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Kim Kardashian shocks the app market

Published Jul 11th, 2014 1:20PM EDT
Kim Kardashian: Hollywood iOS App

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There are few things as despised as celebrity apps. Vanity apps are largely viewed as shameful sidekicks of the app market – expensive productions that may make a few bucks for the app vendor, but practically never bring in real revenue. But in July 2014, Kim Kardashian changed the game. Her new app is so popular that it has boosted the share price of Glu Mobile by 50% since June, adding more than $100 million to its market cap.

It is causing the app industry to reevaluate the whole celebrity app niche — not because it is interesting or innovative, but precisely because it is so shockingly banal. Kim Kardashian: Hollywood is essentially a very simple role-playing game without any strategic or tactical aspects that would actually demand knowledge of the RPG genre or even interest in video games.

Or as the app’s description so succinctly describes it: “DATE AND DUMP CELEBS at the best parties and hottest clubs! Flirt and become the next huge celebrity power-couples!”

That’s about it. Most games aimed at 14-year olds tend to have some tedious, preachy educational or ethical aspects. The dark glamor of Kim Kardashian: Hollywood is that it openly promotes and revels in the idea that girls gain status and money by sexually enticing men with power. This isn’t a subtext in the game — it is its essence and main selling point, gleefully magnified by the marketing material.

The game manages to cannily lift some key aspects of the popular make-up and dress-up games that Toca Boca has so successfully marketed to 6-to-9-year-old girls. The Kardashian game is aimed at 12-to-16-year-olds. That subtle age transition is pure genius because it enables older kids to enjoy a kiddie app slathered with a glistening sheen of trashy, insidiously misogynistic Beverly Hills glitz.

The formula is commercial dynamite. When the Kardashian app shot immediately to No. 2 on the U.S. iPhone download chart, most app industry pros sneered that it’s just a case of customer acquisition legerdemain. Glu must have bought the early wave of downloads, they figured.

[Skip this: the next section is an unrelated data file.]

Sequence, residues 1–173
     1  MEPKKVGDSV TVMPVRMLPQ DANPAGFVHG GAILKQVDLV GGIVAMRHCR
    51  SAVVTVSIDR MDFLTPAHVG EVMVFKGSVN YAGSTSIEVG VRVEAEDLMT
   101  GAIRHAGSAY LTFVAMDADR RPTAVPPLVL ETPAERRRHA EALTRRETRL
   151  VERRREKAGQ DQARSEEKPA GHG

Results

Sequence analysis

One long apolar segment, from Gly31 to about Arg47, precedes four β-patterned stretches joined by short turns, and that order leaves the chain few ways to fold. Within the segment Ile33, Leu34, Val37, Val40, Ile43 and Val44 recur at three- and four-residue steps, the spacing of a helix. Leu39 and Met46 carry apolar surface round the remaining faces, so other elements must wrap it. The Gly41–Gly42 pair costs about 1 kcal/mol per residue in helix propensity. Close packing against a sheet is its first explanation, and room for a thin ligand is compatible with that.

But more than two weeks later, Kim Kardashian is still the No. 2 app in America and its revenue performance is stunning. The app hit the top 5 iPhone sales chart in America in just six days and it’s still there. It is a top 10 grossing iPhone app in 31 countries, from Brazil to Egypt to New Zealand.

The in-app purchase mechanics of this product are demonically seductive — not even Clash of Clans had an early performance like this. And Kardashian presumably appeals to a much narrower demographic than giants like Clash of Clans or Candy Crush Saga do. In fact, it’s an app that’s almost exclusively for young women in an industry where blockbuster products are built to appeal to both sexes or to have a clearly male-oriented pitch.

What is going on here?

It is possible that a big part of the success, sadly, stems from the fact that there are relatively few apps out there that openly appeal to female consumers. It’s true that Candy Crush, Pet Rescue Saga and Hay Day have clearly an eye on women. But they are popular among both sexes, while a ton of clearly male-oriented games from Game of War to Boom Beach hold prominent app chart positions.

Kim Kardashian: Hollywood is clearly marketed only at women and this helps it stand out. Too bad that the core mechanic revolves around trading sexual attraction for career advancement.


After launching mobile game company SpringToys tragically early in 2000, Tero Kuittinen spent eight years doing equity research at firms including Alliance Capital and Opstock. He is currently an analyst and VP of North American sales at mobile diagnostics and expense management Alekstra, and has contributed to, Forbes and Business 2.0 Magazine in addition to BGR.